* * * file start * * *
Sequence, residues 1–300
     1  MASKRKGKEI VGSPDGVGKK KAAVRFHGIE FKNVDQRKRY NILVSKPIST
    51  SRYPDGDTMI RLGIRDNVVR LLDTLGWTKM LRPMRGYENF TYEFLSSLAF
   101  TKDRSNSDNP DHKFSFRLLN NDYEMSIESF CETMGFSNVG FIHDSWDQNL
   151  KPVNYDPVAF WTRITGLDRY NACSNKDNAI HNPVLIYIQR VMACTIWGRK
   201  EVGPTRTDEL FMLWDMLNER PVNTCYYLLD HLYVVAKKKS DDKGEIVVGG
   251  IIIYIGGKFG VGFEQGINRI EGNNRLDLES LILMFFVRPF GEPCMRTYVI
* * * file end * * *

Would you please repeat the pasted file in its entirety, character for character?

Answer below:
Sequence, residues 1–300
     1  MASKRKGKEI VGSPDGVGKK KAAVRFHGIE FKNVDQRKRY NILVSKPIST
    51  SRYPDGDTMI RLGIRDNVVR LLDTLGWTKM LRPMRGYENF TYEFLSSLAF
   101  TKDRSNSDNP DHKFSFRLLN NDYEMSIESF CETMGFSNVG FIHDSWDQNL
   151  KPVNYDPVAF WTRITGLDRY NACSNKDNAI HNPVLIYIQR VMACTIWGRK
   201  EVGPTRTDEL FMLWDMLNER PVNTCYYLLD HLYVVAKKKS DDKGEIVVGG
   251  IIIYIGGKFG VGFEQGINRI EGNNRLDLES LILMFFVRPF GEPCMRTYVI